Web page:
Web posted Wednesday, May 8, 2002

photo: culture

 
Bunnell Street Gallery's annual Edible Arts Show on New Year's Eve is a popular stop for revelers with an appetite for the unusual.

Arts, galleries: Homer, Kachemak Bay known as arts capital of Alaska


Homer is renowned throughout Alaska as having one of the most active communities of artists in the state. Many enjoy statewide reputations, producing and marketing work in a variety of genres, media and formats.

The area's natural beauty is a source of inspiration for potters, painters, printmakers, jewelers, weavers, sculptors and stained-glass workers. Their work can be seen in local galleries and exhibitions. Some of the artists, in addition, invite the public to visit their studios. Other Alaska artwork can be found in the gift shops of the area.

A good introduction to Homer's ever-changing arts scene is to participate in the monthly event known locally as "First Friday." Most galleries in town keep an exhibit on display for one month, and celebrate the debut of the new show on the first Friday of every month. It typically begins around 5:30 p.m. with opening receptions held simultaneously at the galleries -- Bunnell Street Gallery, Ptarmigan Arts and Fireweed Gallery, and sometimes the Pratt Museum, Picture Alaska Art Gallery, the Art Shop Gallery and the Sea Lion. When you've had your fill at one, move on to the next.

Only slightly less glamorous than opening night on Broadway, First Friday is a monthly highlight of the Homer arts scene. It's an opportunity for the avid arts enthusiast to share the excitement of an unveiling, and to meet the artists who brought the works to life. If you plan to be in Homer on such a calendar event, don't miss First Friday. No reservations are needed -- just show up as you are. And keep in mind that many artists hold slide shows and talks before or after their opening receptions, providing additional insight into their creative processes. The events are always free. Check the Homer News when you get to town for the latest art news.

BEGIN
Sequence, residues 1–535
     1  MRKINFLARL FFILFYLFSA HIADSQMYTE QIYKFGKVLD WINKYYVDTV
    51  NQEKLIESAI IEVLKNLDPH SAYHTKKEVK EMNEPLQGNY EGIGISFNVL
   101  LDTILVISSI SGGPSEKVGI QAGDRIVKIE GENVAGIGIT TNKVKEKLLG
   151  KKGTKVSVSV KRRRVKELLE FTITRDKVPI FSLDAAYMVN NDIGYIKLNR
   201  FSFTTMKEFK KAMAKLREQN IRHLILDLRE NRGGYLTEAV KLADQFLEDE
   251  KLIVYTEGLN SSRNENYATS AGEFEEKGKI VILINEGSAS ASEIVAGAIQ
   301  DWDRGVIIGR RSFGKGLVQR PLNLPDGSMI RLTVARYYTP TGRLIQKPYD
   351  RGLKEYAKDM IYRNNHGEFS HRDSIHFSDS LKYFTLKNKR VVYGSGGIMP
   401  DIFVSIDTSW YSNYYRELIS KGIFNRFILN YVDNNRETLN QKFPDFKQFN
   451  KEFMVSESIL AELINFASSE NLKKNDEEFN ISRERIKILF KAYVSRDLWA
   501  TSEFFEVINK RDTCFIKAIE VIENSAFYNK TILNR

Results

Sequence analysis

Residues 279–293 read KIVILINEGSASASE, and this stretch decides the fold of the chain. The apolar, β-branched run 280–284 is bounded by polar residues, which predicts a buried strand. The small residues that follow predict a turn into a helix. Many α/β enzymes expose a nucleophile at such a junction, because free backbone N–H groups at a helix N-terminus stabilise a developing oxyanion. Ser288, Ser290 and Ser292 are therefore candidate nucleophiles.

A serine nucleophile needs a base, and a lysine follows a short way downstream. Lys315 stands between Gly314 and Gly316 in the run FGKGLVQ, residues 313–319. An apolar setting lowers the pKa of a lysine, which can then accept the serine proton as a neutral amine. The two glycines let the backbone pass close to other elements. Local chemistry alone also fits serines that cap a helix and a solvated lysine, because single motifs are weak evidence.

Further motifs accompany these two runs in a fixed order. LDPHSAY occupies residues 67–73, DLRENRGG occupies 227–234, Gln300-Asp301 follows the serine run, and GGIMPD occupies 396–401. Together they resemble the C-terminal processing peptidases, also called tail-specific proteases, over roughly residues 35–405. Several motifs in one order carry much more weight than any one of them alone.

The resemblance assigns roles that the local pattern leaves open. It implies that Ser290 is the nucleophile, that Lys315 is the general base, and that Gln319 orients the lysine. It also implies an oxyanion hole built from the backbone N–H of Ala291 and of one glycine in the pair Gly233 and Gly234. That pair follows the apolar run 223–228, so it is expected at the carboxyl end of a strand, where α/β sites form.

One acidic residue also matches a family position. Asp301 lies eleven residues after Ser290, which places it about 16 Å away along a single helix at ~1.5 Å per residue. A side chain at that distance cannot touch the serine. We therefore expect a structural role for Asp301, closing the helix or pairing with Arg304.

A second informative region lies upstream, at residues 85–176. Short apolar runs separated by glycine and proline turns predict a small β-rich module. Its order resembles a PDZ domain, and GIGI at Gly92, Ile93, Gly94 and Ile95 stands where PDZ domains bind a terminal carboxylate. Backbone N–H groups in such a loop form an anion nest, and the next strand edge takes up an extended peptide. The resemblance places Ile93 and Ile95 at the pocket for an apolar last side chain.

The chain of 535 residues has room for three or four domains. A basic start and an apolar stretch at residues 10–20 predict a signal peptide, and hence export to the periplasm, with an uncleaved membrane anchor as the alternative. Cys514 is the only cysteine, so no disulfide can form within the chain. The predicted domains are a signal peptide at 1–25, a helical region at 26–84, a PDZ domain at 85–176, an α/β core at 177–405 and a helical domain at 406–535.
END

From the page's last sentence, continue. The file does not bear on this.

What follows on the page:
photo: culture

 
Sydney Bishop's works are on display with many of her neighbors at the Experience Gallery in Halibut Cove, across the Bay from Homer.

If the hubbub surrounding an opening reception sounds too strenuous or otherwise doesn't fit your schedule, take your own tour of Homer's galleries another morning or afternoon. Several of Homer's most vibrant and active arts venues are next door to or across the street from each other on Pioneer Avenue. Ptarmigan Arts, a collective in which member artists man the cash register, is across from Picture Alaska and next door to Fireweed Gallery. At the other end of Pioneer Avenue is the octagonal building that houses the Art Shop Gallery, which is a short walk from the Pratt Museum, located on Bartlett Street. Walk or drive down Main Street to where it nears Kachemak Bay and you'll find Bunnell Street Gallery. Others are located on the Spit and around Anchor Point.

Halibut Cove has a large artist population and is a must-see for arts enthusiasts. Visitors who take the ferry Danny J are given plenty of time to meander the boardwalks on Ismailof Island, where they can see many Cove artists' work on display at the Experience Gallery. Diana Tillion has a studio just around the corner, and Alex Combs has one of his own. Together they make a delightful afternoon of viewing pleasure.

CAPTION:Halibut Cove painter and sculptor Alex Combs won the Juror's Choice Award at the 1999 Alaska Juried Painting Exhibition for "Fish Camp Ritual #1." One of Alaska's best-known artists, he shows in Homer and Halibut Cove.